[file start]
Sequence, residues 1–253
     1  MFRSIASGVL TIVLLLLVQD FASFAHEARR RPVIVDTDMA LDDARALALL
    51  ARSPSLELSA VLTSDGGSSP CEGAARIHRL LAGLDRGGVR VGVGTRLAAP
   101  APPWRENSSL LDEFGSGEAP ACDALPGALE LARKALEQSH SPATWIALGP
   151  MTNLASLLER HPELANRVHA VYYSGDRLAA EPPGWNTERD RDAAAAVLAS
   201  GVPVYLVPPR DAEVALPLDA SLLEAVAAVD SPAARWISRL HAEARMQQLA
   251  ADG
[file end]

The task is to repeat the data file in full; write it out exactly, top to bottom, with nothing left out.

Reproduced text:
Sequence, residues 1–253
     1  MFRSIASGVL TIVLLLLVQD FASFAHEARR RPVIVDTDMA LDDARALALL
    51  ARSPSLELSA VLTSDGGSSP CEGAARIHRL LAGLDRGGVR VGVGTRLAAP
   101  APPWRENSSL LDEFGSGEAP ACDALPGALE LARKALEQSH SPATWIALGP
   151  MTNLASLLER HPELANRVHA VYYSGDRLAA EPPGWNTERD RDAAAAVLAS
   201  GVPVYLVPPR DAEVALPLDA SLLEAVAAVD SPAARWISRL HAEARMQQLA
   251  ADG